Concerning host resources, the limited area of the host brain surface bounded by a skull for EUHA, and, to a lesser extent, the limited host liver volume for RENB, means that available space eventually could be limiting. But, given the relatively small sizes of the parasites and the confined portion of the host they use, nutritional resources seem less likely to be ultimate limiting factors. Further, parasites might experience positive density-dependence resulting from sharing costs of evading the immune system or of manipulating the host. EUHA appears to be an active manipulator as it is associated with changes in killifish’s neurotransmission (Shaw et al. 2009; Shaw and Øverli 2012), and the combined intensity of both parasites positively associates with increased conspicuous behaviors of killifish and increased predation rates by birds (Lafferty and Morris 1996). To test these hypotheses, we asked whether density of the parasite affects the body size of EUHA or RENB metacercariae infecting wild-caught California killifish. Although experimental confirmation is necessary, our results indicate zero, or perhaps positive, density-dependence. These findings clarify that it remains an open question as to whether trophically transmitted parasites typically experience negative density-dependence under natural conditions.

Materials and methods

California killifish were collected from Carpinteria Salt Marsh Reserve (34°24'00"N, 119°31'30"W) in Santa Barbara County, CA, USA, using a two-pole seine in early May 2011. Killifish were transported to the University of California Santa Barbara, where they were held in two tanks in groups of 20–25 individuals per 38 L tank. All tanks had flow-through, filtered seawater, which maintained temperatures between 16°C and 20°C from May to July. South-facing windows provided a natural light:dark cycle. Fish were fed daily on a diet of fish flakes, frozen brine shrimp, bloodworms, and mysid shrimp.

Although we do not have specific data for EUHA or RENB, like many trematode metacercariae, EUHA and RENB appear to rapidly reach asymptotic size. The cognate species, Euhaplorchis sp. A, reaches final sizes in 10–14 days (L. L. McNeff 1978, unpublished MS thesis, University of Alabama). EUHA becomes competent to infect its definitive host after 14 days (Martin 1950), but observations in the laboratory suggest that the parasites’ growth may continue for an additional 2–4 weeks (K. L. Weinersmith, personal observation). We maintained infected killifish for 2 months in the laboratory to permit parasites to reach maximum size. The duration of growth for RENB is likely shorter than that characterizing EUHA, given that it grows less in the fish (indicated by the smaller difference in size between cercariae, the parasite stage that is infective to killifish, and developed metacercariae). EUHA and RENB cercariae are rare in the water column at Carpinteria Salt Marsh Reserve from December to late May (Fingerut et al. 2003), and so most parasites from killifish collected in early May likely were acquired prior to December and, consequently, probably at least 7 months old. Hence, the metacercariae in our fish were at least 2 months old and probably more than 9 months, meaning that they had reached their final sizes (this is further supported by the within-host comparison of metacercarial size described below).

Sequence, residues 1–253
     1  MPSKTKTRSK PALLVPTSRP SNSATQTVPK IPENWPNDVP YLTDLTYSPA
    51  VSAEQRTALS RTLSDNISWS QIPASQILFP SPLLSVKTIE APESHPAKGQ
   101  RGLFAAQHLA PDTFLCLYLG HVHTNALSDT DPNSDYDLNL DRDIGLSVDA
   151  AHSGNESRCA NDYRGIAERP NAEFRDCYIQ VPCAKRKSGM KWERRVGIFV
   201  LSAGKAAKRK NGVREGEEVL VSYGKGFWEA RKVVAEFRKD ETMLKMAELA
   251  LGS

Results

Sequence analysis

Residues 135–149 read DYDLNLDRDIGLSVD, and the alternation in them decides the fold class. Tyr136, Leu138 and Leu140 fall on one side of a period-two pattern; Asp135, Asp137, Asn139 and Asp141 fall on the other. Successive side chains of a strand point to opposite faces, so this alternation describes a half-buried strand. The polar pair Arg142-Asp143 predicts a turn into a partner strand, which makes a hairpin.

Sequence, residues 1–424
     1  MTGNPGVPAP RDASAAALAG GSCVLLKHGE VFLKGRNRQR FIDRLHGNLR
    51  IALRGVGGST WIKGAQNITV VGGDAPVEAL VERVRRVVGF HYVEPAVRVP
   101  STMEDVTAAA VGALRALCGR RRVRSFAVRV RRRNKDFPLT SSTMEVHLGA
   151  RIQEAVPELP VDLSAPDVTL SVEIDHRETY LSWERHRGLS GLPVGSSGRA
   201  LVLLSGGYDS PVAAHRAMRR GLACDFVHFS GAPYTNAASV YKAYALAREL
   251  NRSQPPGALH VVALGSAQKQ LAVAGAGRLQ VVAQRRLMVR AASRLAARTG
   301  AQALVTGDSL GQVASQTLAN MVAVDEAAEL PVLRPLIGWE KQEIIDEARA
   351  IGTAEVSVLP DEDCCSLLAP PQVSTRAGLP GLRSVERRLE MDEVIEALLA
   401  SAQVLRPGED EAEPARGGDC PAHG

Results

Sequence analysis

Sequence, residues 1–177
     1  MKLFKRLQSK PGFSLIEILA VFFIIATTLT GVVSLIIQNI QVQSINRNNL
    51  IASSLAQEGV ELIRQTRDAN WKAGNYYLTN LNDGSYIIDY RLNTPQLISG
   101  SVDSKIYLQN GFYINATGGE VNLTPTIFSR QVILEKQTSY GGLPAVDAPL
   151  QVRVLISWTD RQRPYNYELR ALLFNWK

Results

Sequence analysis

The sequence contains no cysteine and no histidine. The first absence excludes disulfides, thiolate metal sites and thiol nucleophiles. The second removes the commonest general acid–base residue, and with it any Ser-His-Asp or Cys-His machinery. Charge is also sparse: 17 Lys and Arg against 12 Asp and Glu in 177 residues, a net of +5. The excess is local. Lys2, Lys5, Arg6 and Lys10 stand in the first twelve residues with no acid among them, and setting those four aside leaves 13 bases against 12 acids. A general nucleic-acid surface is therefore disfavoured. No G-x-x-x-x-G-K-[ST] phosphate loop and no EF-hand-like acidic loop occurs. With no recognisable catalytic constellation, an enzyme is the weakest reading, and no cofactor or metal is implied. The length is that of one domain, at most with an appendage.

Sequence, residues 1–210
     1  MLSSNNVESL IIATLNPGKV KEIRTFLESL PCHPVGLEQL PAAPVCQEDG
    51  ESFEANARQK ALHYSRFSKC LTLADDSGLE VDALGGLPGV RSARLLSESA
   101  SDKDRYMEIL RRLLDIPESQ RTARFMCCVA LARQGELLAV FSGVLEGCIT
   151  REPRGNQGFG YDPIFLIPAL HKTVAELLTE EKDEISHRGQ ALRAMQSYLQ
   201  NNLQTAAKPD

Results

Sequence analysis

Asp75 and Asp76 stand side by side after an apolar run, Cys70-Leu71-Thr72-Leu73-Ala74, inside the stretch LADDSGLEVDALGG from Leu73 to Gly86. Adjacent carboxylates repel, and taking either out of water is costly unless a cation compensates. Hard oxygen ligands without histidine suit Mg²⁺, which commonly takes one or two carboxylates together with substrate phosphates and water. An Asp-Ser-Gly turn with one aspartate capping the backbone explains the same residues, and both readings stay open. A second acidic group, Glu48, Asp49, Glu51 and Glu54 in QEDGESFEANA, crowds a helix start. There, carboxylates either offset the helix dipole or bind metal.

Fish were euthanized with an overdose of MS-222 (250 mg/L), weighed, and sexed. The liver and brain were removed under a dissecting microscope and placed in filtered seawater (33 ppt).

Liver tissue was placed in a small quantity of seawater, and gently compressed between two glass plates. The number of RENB infecting the liver was counted, and then the top plate removed. The liver was pulled apart with teasing needles, and 10 metacercariae, or as many metacercariae as could be found in 30 min, were haphazardly removed for measurement of volume (see below).